Naves (1985) reports metallescens as common in Florida, preferring to nest in the shade of trees. Nests are in the soil, surrounded by small craters of excavated earth, and comprising small chambers connected by a central vertical gallery to a depth of up to 40 cm. Each colony has a single queen. The minor workers, often accompanied by majors, collect small grass seeds and scavenge for dead arthropods. In Texas, Stefan Cover found the species in similar habitats, nesting variously in the soil and in rotting logs. (Wilson 2003)
- 1 Identification
- 2 Distribution
- 3 Biology
- 4 Castes
- 5 Nomenclature
- 6 References
- 7 References based on Global Ant Biodiversity Informatics
The minors of this species can be easily recognized, as they have abundant bluish or purple reflections, which are especially obvious on the head. The majors rarely have bluish reflections, and are relatively small (about 2 mm total length), with short scapes (extend about 1/2 the length of the head), and the entire dorsum of the head is covered with rugae, and is granulose between the rugae. Only the tops of the posterior lateral lobes are smooth and shining. The lateral connules on the postpetiole are well developed, but blunt and rounded. (Mackay and Mackay 2002)
Also see the description in the nomenclature section.
Keys including this Species
From central Florida through the Gulf States to Oklahoma and southern Texas. (Wilson 2003)
Distribution based on Regional Taxon Lists
Distribution based on AntMaps
Distribution based on AntWeb specimens
Check data from AntWeb
The following information is derived from Barry Bolton's Online Catalogue of the Ants of the World.
- metallescens. Pheidole metallescens Emery, 1895c: 294 (w.) U.S.A. Wheeler, W.M. 1908e: 476 (s.); Wheeler, G.C. & Wheeler, J. 1960b: 12 (l.). Senior synonym of splendidula: Wilson, 2003: 453.
- splendidula. Pheidole metallescens subsp. splendidula Wheeler, W.M. 1908e: 474, pl. 26, figs. 20, 21 (s.w.q.m.) U.S.A. Junior synonym of metallescens: Wilson, 2003: 453.
Unless otherwise noted the text for the remainder of this section is reported from the publication that includes the original description.
Major: reddish brown; occiput rugoreticulate, with the reticulum extending partway anteriorly down the side of the head to near the eye, and another, small patch of rugoreticulum occurs between the eye and antennal fossa on each side; humerus prominent, subangulate from above and lobate in dorsal-oblique view; propodeal spine long and thin; postpetiole wide and elliptical from above, and with subangulate anterior ventral margin.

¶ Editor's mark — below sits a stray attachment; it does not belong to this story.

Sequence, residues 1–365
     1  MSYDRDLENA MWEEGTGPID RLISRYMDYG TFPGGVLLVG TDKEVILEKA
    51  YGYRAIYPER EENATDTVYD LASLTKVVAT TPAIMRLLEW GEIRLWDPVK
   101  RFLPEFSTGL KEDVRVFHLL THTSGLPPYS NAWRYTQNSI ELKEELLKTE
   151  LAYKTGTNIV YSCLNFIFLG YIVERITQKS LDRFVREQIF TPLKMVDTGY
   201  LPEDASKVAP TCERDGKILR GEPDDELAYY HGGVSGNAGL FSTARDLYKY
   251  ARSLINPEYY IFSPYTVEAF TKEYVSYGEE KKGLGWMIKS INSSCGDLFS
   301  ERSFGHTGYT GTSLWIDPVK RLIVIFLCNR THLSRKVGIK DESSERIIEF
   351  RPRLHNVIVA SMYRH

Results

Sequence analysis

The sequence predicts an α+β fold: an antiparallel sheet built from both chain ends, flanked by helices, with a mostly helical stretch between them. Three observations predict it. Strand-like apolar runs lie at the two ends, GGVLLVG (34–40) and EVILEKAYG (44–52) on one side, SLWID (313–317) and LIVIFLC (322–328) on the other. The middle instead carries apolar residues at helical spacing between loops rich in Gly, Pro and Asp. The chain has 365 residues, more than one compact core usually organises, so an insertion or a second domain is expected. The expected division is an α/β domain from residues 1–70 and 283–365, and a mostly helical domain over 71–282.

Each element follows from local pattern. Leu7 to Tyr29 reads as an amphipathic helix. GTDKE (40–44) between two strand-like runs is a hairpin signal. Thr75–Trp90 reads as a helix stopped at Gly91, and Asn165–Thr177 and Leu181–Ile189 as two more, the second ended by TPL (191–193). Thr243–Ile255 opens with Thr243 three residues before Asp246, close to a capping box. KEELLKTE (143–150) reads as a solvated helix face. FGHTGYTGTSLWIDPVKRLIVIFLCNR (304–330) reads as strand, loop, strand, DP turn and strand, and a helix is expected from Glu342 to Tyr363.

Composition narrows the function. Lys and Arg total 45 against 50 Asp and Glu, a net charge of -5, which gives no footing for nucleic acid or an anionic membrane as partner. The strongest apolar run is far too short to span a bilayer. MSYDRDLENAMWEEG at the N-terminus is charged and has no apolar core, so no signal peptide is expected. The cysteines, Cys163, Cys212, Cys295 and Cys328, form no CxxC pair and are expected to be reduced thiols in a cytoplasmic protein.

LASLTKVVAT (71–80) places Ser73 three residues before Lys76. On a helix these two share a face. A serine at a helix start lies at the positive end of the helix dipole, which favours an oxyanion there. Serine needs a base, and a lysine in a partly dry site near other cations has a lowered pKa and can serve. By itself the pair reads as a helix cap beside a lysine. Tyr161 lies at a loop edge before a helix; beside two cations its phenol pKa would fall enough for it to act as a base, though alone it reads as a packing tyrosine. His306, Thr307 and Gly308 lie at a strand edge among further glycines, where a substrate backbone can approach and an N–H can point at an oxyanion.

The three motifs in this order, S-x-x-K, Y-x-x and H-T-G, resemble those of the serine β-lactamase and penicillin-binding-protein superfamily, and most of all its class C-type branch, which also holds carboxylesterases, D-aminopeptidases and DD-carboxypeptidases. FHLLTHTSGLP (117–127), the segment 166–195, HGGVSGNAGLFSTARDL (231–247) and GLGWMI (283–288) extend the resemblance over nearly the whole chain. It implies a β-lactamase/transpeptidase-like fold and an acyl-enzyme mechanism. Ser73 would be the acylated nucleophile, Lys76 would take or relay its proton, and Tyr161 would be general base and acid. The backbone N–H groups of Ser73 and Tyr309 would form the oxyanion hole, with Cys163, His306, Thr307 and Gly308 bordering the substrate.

Minor: body blackish with bluish reflections; often most of mesosoma foveolate and opaque.
Minors of some series have entirely foveate heads and may represent a distinct species.
MEASUREMENTS (mm) Major (Archbold Station, Florida): HW 0.84, HL 0.94, SL 0.42, EL 0.12, PW 0.44. Minor (Archbold Station): HW 0.42, HL 0.46, SL 0.40, EL 0.10, PW 0.26.
COLOR Major: bicolored, with head and appendages light reddish brown, and rest of body medium to dark brown.
Minor: body concolorous blackish brown, with metallic bluish reflections; central parts of femora and tibiae medium brown; distal and proximal portions brownish yellow.
Figure. Upper: major. Lower: minor. FLORIDA: Archbold Station, near Sebring, Highlands Co. Scale bars = 1 mm.
St. George (Cape or Island), Florida, Museo Civico di Storia Naturale, Genoa - as reported in Wilson (2003)
L metallescens, metallic, alluding to the gun-metal blue reflections from the body of the minor. (Wilson 2003)
- Mackay, W. P. and E. Mackay. 2002. The ants of New Mexico (Hymenoptera: Formicidae). Edwin Mellen Press, Lewiston, NY.
- Wilson, E. O. 2003. Pheidole in the New World: A dominant, hyperdiverse ant genus. Harvard University Press, Cambridge, MA. (page 453, fig. major, minor described, page 453, Senior synonym of splendidula)
- Emery, C. 1895d. Beiträge zur Kenntniss der nordamerikanischen Ameisenfauna. (Schluss). Zool. Jahrb. Abt. Syst. Geogr. Biol. Tiere 8: 257-360 (page 294, worker described)
- Ipser, R.M., Brinkman, M.A., Gardner, W.A., Peeler, H.B. 2004. A survey of ground-dwelling ants (Hymenoptera: Formicidae) in Georgia. Florida Entomologist 87: 253-260.
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- Wheeler, G. C.; Wheeler, J. 1960b. Supplementary studies on the larvae of the Myrmicinae (Hymenoptera: Formicidae). Proc. Entomol. Soc. Wash. 62: 1-32 (page 12, larva described)
- Wheeler, W. M. 1908h. The ants of Texas, New Mexico and Arizona. (Part I.). Bull. Am. Mus. Nat. Hist. 24: 399-485 (page 476, soldier described)
References based on Global Ant Biodiversity Informatics
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